Looking at the belay below the crux pitch from the position of the previous photo
All concerns about this route disappeared once I left the belay and started up the wall. The climbing was exceptional. It was also quite easy...in fact, I found the chimney pitch mentioned earlier to be much more difficult. Yes, the climbing is at altitude, and it is steep, but the holds are huge and there are plenty of them. But these are minor quibbles. It was a feeling of kinesthetic and aesthetic joy that pulsed through my body as I cruised up the wall. The exposure was wonderful; the protection was excellent. There were supposed to be 4 metal pegs but I could only find 3 and none were really necessary. The movement was natural and composed. It was a disappointment when the pitch ended.
Topping out on the crux pitch

The remainder of the climb was easy - a short traverse to the left and a longish pitch to the summit and wonderful exposure on the narrow summit crest. At about 1 meter wide the summit ridge is really exposed and at its tip the precipitous cliffs seem to drop right to the ground about 2000 feet below. A beautiful calm summer day rendered the situation harmless and enjoyable, but high winds, cold and rain would dramatically alter this feeling.
On the summit

Descent route from the top of the climb. There are two gully options - we took the right hand one, but the left hand (yellow) option looked better. Either way you have to end up on the promontory at the top of the gullies.
Much has been written about the descent from Lone Eagle along the route of Solo Flight. The Roach guide isn't much good as it is written from the "ground up", but there are many detailed online descriptions and photos of where to go. They all seemed to make a bit of a meal of it to me. As I stood on the summit and pondered the options it all looked very obvious, and it was. Did climbers really try to descend that horrible gully? All anyone really need know is to climb up the horrible gully rather than descend. Far from being "tricky"the navigation across the descent was easy. Arriving on the shoulder overlooking the Lone Eagle summit we unroped and packed away our gear for the slog back to the campsite and the even longer walk back to the car.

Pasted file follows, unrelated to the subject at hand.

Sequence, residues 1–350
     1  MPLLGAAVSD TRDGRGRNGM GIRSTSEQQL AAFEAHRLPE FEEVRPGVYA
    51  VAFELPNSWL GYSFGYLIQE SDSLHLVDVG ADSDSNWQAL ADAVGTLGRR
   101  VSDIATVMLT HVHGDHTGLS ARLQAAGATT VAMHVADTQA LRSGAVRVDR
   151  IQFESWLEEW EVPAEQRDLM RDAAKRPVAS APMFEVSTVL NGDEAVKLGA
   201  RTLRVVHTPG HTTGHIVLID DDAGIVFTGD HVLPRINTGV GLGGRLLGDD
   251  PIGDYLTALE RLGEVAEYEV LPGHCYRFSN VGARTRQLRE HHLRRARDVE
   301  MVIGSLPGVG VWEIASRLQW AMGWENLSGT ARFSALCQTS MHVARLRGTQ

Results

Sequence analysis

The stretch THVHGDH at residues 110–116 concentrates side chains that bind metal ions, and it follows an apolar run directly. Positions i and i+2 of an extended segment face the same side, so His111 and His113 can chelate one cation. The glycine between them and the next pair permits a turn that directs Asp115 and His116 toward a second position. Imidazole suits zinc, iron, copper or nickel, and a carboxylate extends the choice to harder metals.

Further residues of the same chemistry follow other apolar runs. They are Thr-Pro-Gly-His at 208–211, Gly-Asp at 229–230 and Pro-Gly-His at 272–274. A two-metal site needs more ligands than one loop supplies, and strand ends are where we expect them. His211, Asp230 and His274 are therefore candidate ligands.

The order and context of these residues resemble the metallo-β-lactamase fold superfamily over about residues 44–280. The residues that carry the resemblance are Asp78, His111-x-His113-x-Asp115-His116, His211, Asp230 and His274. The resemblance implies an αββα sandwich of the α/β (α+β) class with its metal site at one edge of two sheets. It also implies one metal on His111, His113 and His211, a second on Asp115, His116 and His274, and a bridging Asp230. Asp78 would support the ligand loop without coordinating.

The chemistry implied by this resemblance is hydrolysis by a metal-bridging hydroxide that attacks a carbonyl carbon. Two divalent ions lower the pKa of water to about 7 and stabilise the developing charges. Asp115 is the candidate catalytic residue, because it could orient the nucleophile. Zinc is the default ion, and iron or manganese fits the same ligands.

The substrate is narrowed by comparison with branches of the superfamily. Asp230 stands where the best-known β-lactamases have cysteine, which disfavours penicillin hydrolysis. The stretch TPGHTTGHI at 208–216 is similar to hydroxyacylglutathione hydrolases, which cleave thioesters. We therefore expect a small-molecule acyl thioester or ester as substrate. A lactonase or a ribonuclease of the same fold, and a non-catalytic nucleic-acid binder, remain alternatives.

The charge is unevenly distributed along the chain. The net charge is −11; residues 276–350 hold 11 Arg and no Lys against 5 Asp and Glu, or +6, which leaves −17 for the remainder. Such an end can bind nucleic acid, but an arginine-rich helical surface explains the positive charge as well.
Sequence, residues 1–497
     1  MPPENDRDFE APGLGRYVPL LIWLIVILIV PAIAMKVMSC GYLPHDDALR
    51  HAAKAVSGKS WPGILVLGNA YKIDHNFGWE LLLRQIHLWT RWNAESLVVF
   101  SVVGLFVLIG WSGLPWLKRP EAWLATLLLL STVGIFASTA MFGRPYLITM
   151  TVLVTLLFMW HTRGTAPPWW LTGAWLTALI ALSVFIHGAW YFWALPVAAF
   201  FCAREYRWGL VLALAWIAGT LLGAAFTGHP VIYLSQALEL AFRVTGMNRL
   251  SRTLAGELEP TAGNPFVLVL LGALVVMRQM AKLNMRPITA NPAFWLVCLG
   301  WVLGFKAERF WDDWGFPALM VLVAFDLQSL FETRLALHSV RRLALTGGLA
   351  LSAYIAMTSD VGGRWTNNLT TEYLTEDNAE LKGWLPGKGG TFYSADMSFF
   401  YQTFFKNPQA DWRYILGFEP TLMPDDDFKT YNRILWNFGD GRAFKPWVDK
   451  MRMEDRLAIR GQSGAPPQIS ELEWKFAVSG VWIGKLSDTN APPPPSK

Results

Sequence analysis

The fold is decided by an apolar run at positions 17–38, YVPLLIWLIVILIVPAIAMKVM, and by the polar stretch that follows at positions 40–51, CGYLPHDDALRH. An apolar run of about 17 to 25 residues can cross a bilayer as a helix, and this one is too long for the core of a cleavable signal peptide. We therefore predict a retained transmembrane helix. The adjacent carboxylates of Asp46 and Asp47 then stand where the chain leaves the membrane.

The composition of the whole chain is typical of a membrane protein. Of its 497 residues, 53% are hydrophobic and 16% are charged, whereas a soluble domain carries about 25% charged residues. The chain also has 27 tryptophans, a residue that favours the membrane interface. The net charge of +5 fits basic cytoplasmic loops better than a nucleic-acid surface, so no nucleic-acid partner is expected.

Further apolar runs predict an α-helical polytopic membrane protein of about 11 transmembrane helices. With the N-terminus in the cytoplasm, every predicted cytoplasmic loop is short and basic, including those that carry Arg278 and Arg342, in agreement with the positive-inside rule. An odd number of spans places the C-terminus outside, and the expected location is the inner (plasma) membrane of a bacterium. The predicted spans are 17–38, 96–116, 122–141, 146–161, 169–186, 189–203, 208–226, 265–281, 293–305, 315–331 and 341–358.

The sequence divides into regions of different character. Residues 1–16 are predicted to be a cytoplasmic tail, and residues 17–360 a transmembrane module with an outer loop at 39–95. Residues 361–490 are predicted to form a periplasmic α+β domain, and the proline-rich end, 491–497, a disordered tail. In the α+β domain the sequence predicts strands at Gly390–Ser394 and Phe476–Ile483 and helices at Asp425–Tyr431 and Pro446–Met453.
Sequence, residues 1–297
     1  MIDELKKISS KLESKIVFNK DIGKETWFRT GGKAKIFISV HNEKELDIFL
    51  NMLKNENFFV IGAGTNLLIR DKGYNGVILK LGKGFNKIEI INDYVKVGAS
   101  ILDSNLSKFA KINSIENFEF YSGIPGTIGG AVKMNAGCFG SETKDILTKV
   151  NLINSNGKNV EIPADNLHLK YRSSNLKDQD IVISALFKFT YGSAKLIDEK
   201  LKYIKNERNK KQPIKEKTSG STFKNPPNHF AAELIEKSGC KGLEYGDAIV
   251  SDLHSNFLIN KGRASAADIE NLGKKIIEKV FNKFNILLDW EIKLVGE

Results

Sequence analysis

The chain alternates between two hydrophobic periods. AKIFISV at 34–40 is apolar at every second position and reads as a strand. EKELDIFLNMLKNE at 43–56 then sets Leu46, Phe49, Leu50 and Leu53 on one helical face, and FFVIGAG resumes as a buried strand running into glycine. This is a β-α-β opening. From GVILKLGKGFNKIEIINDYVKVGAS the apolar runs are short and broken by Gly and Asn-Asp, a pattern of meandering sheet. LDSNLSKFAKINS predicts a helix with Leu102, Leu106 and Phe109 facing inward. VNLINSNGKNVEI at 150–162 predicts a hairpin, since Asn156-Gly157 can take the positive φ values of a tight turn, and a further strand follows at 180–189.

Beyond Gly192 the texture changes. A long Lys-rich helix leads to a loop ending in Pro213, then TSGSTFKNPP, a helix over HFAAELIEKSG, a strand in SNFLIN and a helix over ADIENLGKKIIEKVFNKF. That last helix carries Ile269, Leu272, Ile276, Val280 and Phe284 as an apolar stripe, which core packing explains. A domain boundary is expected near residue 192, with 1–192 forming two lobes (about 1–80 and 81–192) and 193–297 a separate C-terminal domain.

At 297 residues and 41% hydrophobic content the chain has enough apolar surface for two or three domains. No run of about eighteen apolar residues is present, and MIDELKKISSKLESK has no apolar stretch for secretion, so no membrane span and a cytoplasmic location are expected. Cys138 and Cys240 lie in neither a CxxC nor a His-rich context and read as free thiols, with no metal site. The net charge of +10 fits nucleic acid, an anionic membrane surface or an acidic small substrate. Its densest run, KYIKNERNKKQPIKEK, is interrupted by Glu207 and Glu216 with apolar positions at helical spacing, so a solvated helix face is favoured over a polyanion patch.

An exhausting day, but truly memorable. I might even do it again just for that one pitch of perfection.


  1. Barry, thanks for posting; your description of the route was helpful, especially your advice about finding the start of the crux pitch after crossing the gully, and the photo of the descent. We tried the left (yellow line) gully option, which looked easy and relatively low angle, but it was total choss, so I would not recommend it. I tried to climb as carefully as I could, with loose rock everywhere, and I was afraid to pull on almost everything. If anyone tries it, make sure your belayer has plenty of cover!

  2. Thanks for commenting. Your experience on the "yellow" gully is really good to know. The gully we chose was horrible and unstable, but not particularly difficult. I don't recall any rocks or choss falling down as I climbed. But the Roach guide makes mention of a chockstone and we didn't encounter one, so I assumed the "yellow" gully was the correct route. I looked down this gully from the top and it seemed to be better than you described...which just goes to show how deceptive things can appear.

    I also read a description that suggests climbing the rock wall to the right of the gully and then working along behind the pinnacles above the promontory before reverse descending on some class 4 terrain. This didn't look obvious to me so I would be interested if any others have taken this option.